The fourth installment in the Jurassic series is spectacular summer entertainment, a sort of Cecil B. DeMille on speed. But if you long for intelligence, scientific credibility and a plot that actually makes sense, rent Steven Spielberg's 1993 masterpiece.
Jurassic World, directed and co-written by Colin Trevorrow (Safety Not Guaranteed), with Spielberg as executive producer, is set two decades after the events of Jurassic Park and includes none of the original lead actors. Although it does cleverly reference to the plot of the original, it ignores the two previous sequels. That's wise considering The Lost World is arguably Spielberg's worst directorial effort and Jurassic Park 3 – well, we won't talk about that.
In this edition, John Hammond's vision has been breathtakingly brought to life as a combination of SeaWorld and Disney's Animal Kingdom, with a dash of Universal CityWalk. Hey, there's even a Jimmy Buffett's Margaritaville in case you want tequila with your T. Rex. Guests can cuddle baby dinos in the petting zoo, take in an aquatic show that makes Shamu Stadium look like Marineland and come face to face with carnivores, through protective glass, of course.
Trevorrow and cinematographer John Schwartzman deserve credit for bringing this world to life in grand fashion with both traditional and digital methods. The attention to detail is remarkable and the CGI superb, with dynamic editing and pacing. The movie will even satisfy purists, as it was shot on both 35mm and 65mm. And although this means it had to be converted to 3-D instead of being shot in that format, the depth, color and richness is astonishing. But then there's the plot.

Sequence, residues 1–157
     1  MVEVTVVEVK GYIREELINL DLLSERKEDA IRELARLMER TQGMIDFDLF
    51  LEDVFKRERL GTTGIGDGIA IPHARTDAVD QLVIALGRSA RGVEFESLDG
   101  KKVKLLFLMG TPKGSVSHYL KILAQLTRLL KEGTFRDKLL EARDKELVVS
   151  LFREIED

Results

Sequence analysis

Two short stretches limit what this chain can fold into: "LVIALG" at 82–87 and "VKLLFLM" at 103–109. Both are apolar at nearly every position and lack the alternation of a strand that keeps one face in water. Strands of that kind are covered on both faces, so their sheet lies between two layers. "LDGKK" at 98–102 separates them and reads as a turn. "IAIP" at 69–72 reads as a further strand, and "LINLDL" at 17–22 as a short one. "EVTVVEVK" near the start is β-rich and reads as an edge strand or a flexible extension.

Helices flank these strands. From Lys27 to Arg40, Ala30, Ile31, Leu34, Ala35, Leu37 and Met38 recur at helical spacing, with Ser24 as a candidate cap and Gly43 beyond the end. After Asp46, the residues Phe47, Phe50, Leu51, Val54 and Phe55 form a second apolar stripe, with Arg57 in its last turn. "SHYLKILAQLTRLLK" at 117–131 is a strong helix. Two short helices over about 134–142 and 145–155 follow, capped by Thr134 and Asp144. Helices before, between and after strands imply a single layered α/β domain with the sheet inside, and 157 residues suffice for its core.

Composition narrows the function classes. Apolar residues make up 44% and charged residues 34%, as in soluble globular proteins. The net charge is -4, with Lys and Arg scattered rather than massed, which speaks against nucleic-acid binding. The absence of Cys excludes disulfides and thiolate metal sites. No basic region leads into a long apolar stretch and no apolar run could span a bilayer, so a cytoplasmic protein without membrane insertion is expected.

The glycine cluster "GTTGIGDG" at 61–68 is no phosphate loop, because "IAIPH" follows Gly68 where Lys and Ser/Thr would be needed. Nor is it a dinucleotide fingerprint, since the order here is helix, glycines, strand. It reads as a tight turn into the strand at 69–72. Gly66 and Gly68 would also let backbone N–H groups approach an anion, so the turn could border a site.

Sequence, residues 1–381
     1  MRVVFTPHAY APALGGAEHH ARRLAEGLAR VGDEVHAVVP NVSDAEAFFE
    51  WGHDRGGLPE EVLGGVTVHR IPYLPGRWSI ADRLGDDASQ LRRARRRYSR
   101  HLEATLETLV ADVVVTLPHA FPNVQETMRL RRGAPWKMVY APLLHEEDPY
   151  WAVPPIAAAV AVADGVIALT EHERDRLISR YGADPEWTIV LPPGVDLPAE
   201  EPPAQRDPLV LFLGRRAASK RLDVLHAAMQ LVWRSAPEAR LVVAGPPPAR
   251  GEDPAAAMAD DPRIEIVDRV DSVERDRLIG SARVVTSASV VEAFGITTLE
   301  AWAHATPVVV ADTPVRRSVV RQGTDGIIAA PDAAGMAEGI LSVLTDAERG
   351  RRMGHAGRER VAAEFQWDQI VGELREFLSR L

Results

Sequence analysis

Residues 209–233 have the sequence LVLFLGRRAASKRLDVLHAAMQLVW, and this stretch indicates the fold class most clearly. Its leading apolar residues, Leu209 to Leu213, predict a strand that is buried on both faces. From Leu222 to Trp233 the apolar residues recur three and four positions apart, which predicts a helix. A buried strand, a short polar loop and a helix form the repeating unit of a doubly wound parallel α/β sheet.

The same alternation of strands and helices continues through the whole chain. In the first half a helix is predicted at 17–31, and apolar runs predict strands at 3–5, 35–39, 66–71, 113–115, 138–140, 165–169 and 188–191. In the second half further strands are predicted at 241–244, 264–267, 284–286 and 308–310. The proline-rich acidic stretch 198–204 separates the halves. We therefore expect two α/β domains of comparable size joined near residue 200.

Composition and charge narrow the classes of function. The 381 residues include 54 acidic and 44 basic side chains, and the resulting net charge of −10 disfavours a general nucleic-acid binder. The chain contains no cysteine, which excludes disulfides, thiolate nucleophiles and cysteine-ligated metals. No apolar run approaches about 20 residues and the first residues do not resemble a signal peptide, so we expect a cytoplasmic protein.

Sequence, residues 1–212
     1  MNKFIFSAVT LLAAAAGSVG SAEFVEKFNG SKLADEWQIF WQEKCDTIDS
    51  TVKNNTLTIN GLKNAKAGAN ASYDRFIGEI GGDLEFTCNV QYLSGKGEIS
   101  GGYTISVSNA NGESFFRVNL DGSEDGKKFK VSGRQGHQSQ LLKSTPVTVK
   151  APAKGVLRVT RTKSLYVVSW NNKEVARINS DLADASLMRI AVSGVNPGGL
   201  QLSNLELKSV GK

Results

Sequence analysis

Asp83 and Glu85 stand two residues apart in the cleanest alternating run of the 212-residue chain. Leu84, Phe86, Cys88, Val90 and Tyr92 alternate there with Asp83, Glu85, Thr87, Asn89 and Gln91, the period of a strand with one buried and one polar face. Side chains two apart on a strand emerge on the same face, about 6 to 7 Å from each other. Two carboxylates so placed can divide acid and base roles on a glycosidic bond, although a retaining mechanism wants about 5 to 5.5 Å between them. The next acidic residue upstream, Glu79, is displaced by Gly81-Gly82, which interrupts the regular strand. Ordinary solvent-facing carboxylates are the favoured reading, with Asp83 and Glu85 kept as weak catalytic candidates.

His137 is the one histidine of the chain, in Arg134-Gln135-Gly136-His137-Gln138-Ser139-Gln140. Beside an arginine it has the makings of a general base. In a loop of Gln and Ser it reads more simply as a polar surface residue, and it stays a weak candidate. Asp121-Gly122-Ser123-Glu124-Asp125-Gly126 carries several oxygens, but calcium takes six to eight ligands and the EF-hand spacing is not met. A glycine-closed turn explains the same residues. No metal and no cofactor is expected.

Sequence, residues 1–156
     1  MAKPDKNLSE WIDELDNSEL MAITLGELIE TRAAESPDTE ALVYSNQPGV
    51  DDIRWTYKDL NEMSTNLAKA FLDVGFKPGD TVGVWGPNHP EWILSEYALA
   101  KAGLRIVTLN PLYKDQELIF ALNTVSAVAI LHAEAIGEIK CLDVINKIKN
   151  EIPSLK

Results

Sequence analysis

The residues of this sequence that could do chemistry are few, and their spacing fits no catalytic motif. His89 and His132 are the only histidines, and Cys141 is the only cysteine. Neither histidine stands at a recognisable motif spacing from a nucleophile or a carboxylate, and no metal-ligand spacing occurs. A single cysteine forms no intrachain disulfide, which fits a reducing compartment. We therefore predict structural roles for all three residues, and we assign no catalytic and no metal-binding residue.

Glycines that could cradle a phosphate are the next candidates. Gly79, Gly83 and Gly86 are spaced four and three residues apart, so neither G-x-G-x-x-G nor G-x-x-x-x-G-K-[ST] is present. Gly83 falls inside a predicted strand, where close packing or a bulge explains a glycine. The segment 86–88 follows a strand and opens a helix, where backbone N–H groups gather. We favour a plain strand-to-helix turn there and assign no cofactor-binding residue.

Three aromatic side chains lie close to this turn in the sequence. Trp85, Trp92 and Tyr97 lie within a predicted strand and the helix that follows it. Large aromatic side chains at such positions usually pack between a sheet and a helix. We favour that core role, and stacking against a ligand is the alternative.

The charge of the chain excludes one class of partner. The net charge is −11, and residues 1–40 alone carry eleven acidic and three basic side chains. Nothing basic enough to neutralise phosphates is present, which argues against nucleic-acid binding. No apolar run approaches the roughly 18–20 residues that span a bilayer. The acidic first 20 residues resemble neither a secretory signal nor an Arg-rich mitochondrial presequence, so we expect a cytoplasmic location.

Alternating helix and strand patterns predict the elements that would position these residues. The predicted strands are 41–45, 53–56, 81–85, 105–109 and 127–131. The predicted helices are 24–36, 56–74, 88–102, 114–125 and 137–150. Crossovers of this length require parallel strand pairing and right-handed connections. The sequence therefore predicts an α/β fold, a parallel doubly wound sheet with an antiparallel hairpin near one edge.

No longer satisfied with watching the current crop of realistic reptiles, "consumers want them bigger, louder, more teeth," we're told. So geneticists create Indominus Rex, a carnivorous concoction of T. Rex and who knows what else. And yet somehow everyone is surprised when this new and unpredictable beast – spoiler alert (well, not really) – threatens to go berserk. That alone might make for a nice story, especially with the children-in-peril subplot used to great effect. But the writers just had to have their brontosaurus burger and eat it too, as the final act drains most of the maturity and believability from what had previously been fine filmmaking.
Chris Pratt and Bryce Dallas Howard play park employees with a brief romantic past. He is one of the few workers who truly cares about the animals, while she is a self-centered manager focused on the bottom line. While both actors do what's required of them and have moments of genuine emotion, methinks I taste eye candy. Complementing them is the visionary but out-of-touch park owner, Simon Masrani, played with much-needed subtlety by the brilliant Irrfan Khan (The Lunchbox, Life of Pi). And Jake Johnson (Safety Not Guaranteed, Fox's New Girl), as the funny but unexpectedly wise tech nerd, is a nice extra.
It's the mishandled addition of Vincent D'Onofrio as a greedy, exploitative military contractor that sets up the aforementioned plot meltdown. Yes, we need a human villain, but his character's fantastical designs on dinosaur manipulation have more in common with the SyFy Network than Spielberg.
Cynicism aside, this is one of the best action-adventures of the year and will resonate well with theme-park-saturated Floridians, though it's too violent for young children. It also makes for a clever but likely unintentional meta-commentary on today's movie-goers, who, like the tourists in the film, are no longer content with the simple majesty of the original creatures but demand more, bigger, teethier! If that's what you want, bon appetit! Just don't be surprised when logic ends up on the endangered-species list.